(HealthDay News) – Age is a significant factor in determining aspirin response in patients with stable coronary artery disease (CAD), according to a study published in the July 15 issue of The American Journal of Cardiology.
Mordehay Vaturi, MD, from Tel-Aviv University in Israel, and colleagues recruited 583 patients with stable CAD who had been treated with aspirin 75–325mg/day for at least one week. Patients were grouped by age: <75 years (438 patients) and patients aged ≥75 years (145). The VerifyNow Aspirin Test was used to determine response, and resistance was defined as ≥500 or 550 aspirin reaction units (ARU).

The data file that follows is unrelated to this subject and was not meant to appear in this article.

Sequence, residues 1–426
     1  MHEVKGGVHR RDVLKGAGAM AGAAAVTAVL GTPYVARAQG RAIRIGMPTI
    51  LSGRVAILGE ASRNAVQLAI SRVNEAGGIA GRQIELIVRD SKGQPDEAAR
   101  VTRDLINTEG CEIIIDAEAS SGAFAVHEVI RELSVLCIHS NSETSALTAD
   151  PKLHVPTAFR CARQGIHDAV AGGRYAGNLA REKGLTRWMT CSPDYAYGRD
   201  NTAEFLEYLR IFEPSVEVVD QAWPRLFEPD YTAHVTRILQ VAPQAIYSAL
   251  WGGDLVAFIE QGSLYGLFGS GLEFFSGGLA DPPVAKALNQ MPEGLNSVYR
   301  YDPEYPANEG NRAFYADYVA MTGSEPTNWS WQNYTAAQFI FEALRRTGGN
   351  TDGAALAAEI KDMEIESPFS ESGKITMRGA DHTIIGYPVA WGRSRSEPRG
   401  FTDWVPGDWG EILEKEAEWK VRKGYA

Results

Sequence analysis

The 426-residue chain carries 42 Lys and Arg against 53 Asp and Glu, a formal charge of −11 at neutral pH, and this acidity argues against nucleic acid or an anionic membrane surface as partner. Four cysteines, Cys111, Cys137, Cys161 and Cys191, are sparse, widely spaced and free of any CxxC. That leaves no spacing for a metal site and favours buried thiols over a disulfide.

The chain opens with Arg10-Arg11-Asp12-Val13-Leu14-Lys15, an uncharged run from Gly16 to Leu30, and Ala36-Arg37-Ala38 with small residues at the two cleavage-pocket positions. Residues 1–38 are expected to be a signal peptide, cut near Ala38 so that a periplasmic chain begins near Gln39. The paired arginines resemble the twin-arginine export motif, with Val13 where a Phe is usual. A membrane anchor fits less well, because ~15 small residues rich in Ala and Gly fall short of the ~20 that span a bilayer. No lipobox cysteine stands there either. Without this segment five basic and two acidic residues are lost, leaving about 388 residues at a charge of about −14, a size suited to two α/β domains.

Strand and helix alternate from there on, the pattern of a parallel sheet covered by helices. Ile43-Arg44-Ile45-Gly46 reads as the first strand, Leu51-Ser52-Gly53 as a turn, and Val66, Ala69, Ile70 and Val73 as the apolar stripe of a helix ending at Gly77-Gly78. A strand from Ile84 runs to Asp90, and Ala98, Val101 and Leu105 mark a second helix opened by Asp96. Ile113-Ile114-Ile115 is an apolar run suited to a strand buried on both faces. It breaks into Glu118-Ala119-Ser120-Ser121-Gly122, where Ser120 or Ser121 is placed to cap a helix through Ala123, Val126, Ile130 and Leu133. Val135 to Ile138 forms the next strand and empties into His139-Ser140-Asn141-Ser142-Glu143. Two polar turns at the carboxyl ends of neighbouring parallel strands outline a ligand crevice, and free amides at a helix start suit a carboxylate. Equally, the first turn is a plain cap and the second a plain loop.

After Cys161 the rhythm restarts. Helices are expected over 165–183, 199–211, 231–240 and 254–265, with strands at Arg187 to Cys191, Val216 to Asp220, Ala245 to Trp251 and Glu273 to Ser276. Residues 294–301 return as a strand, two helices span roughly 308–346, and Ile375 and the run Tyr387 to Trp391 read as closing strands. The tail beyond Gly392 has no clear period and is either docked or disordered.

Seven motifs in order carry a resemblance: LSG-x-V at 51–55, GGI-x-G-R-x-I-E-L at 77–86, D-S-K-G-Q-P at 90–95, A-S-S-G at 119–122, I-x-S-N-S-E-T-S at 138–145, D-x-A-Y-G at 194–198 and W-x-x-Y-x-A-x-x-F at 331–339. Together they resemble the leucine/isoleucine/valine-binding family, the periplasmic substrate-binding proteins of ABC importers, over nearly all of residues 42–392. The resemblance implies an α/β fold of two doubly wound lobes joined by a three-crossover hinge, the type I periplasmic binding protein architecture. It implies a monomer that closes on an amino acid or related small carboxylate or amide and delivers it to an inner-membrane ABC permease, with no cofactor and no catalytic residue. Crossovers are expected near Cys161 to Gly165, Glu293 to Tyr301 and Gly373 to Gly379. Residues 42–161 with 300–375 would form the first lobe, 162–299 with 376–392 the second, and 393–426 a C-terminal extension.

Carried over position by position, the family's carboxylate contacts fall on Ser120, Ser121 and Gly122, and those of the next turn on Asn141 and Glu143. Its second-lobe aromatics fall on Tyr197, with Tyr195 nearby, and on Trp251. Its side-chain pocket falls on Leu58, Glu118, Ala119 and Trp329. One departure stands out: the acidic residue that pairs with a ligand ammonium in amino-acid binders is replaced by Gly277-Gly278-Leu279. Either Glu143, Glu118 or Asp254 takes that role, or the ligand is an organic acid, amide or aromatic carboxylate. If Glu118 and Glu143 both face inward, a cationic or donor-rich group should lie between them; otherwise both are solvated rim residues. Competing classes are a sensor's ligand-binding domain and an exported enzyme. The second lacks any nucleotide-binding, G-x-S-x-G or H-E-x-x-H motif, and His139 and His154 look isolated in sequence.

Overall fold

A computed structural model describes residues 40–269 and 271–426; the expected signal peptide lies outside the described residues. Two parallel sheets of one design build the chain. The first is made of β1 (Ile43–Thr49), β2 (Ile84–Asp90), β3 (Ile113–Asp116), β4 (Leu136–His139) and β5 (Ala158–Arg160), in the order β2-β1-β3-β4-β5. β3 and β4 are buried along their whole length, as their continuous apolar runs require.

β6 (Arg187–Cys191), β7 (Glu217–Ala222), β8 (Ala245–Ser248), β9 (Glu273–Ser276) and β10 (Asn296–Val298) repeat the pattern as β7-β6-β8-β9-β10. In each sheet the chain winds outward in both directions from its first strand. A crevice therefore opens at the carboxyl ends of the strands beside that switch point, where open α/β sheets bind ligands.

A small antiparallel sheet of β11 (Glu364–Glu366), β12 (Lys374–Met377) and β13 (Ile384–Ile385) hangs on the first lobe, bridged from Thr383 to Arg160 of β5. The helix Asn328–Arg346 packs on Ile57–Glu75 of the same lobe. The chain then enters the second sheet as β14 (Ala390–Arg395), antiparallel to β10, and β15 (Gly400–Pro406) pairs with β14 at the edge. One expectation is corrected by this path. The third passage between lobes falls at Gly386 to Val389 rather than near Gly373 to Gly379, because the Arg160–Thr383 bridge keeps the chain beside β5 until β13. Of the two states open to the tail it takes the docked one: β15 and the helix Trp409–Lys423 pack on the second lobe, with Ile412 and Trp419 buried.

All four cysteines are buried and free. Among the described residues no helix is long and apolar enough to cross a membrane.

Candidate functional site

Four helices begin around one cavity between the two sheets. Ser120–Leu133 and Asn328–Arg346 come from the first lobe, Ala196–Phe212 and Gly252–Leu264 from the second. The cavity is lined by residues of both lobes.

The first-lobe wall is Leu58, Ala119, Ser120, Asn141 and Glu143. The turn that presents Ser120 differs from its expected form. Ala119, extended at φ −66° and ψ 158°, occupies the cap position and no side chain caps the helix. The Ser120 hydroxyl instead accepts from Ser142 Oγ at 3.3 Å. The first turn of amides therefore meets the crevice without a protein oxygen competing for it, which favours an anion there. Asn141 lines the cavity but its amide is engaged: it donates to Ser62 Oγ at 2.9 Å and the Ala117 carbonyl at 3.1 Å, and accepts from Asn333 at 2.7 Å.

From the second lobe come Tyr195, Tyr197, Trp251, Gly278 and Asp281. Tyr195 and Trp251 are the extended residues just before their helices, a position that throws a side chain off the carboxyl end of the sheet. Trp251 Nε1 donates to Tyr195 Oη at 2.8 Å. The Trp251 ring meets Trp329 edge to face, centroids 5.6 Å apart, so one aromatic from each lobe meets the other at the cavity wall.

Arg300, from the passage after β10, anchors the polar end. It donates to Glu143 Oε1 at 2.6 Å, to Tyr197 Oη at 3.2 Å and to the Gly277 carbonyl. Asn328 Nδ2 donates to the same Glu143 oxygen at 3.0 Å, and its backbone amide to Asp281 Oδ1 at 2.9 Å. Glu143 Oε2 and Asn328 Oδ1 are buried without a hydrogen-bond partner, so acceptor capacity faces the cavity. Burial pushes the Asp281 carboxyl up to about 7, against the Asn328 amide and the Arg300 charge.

The researchers found that younger and older patients had similar baseline clinical profiles, including relative doses of aspirin therapy. In patients ≥75 years, the mean VerifyNow Aspirin Test score was significantly higher (450±54 vs. 434±53 ARU. Age remained a significant predictor of the VerifyNow score after adjusting for other variables. When the 500-ARU cut-off was used, aspirin resistance was higher in older patients (19 vs. 11%), but there was no difference when the 550-ARU cut-off was used (7 vs. 5%).
“In conclusion, aspirin response differs significantly by age in patients with stable CAD,” the authors write.